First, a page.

Review Game – Literally on Rails

Another concept I am really psyched about since seeing my boys play is creating a literal game on rails for review. This is still in the half baked phase but my core concept is that a small group of students will be attached together – maybe having to hold a rope. One student is responsible foe holding a limited amount of pre-made ammo (paper balls). Another student is responsible for throwing the balls at the “enemies”. A third will be responsible for talking and providing answers to me – the guide.

The group will be “on rails” as I lead them through a predesignated path through and around my school. Prior to the “game” every student will create 5 questions aboit the previous unit. As an AVID school my students are familiar with creating Costa’s Leveled Questions. Students not in the touring party will be stationed at various points along the pathway. Their goal is to touch me (nervous about them touching other students). The tour group is expected to defend me by hitting the attacking students with a paper ball. Of the Attacking student touches me the Tour group has to answer one of the student’s questions. If the question is answered correctly the tour continues. If it is incorrect the group gets an X. Three Xs and the tour ends. The winning group will finish the tour with the fewest Xs!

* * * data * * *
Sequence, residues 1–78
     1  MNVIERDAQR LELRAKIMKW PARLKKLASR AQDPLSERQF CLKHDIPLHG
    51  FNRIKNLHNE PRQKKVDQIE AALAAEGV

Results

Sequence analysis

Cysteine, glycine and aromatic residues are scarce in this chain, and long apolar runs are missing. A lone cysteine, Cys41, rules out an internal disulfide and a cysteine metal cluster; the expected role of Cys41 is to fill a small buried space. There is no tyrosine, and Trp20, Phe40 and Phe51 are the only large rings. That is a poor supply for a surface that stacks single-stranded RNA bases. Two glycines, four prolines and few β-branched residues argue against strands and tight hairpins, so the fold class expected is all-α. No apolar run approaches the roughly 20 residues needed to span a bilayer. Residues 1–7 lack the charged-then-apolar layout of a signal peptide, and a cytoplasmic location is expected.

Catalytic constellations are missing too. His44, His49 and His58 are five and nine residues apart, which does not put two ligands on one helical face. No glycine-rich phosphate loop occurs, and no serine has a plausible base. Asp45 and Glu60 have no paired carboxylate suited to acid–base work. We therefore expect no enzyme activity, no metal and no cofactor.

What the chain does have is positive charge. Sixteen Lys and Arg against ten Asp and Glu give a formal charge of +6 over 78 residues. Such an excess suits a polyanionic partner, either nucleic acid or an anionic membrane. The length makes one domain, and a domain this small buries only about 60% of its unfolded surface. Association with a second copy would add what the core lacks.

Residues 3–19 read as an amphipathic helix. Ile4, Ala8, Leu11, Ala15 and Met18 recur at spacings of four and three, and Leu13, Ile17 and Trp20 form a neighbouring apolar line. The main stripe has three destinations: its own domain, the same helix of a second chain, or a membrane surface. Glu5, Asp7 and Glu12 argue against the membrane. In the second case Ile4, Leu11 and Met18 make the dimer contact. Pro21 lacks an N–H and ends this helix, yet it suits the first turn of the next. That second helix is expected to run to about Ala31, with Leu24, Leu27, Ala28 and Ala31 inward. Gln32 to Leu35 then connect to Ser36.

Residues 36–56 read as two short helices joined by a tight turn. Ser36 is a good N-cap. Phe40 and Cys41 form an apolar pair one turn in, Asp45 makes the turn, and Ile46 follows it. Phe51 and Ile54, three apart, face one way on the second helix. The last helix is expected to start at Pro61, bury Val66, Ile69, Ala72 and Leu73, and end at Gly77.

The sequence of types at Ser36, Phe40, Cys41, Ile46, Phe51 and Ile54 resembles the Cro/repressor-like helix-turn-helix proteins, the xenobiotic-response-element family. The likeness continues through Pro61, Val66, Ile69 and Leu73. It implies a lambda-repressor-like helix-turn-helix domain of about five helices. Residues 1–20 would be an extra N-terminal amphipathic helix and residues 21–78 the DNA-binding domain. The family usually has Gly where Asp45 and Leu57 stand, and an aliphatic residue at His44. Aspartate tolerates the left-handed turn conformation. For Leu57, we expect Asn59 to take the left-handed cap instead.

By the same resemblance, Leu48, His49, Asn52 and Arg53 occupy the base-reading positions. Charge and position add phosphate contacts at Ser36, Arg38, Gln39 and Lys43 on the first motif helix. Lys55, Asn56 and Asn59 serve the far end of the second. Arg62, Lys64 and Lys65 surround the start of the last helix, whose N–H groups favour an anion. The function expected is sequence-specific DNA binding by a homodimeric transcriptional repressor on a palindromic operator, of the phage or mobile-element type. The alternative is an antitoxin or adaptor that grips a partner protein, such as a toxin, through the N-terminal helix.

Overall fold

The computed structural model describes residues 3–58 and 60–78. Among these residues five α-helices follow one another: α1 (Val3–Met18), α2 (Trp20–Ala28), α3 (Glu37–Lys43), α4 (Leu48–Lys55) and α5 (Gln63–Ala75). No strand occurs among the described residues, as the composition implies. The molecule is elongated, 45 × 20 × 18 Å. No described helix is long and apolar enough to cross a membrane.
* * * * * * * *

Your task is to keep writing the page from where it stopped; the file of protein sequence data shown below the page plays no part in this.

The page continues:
I would love to hear all of your ideas on ways that “Games on Rails” could be used in the classroom. Tweet ideas at me with @MrPowley!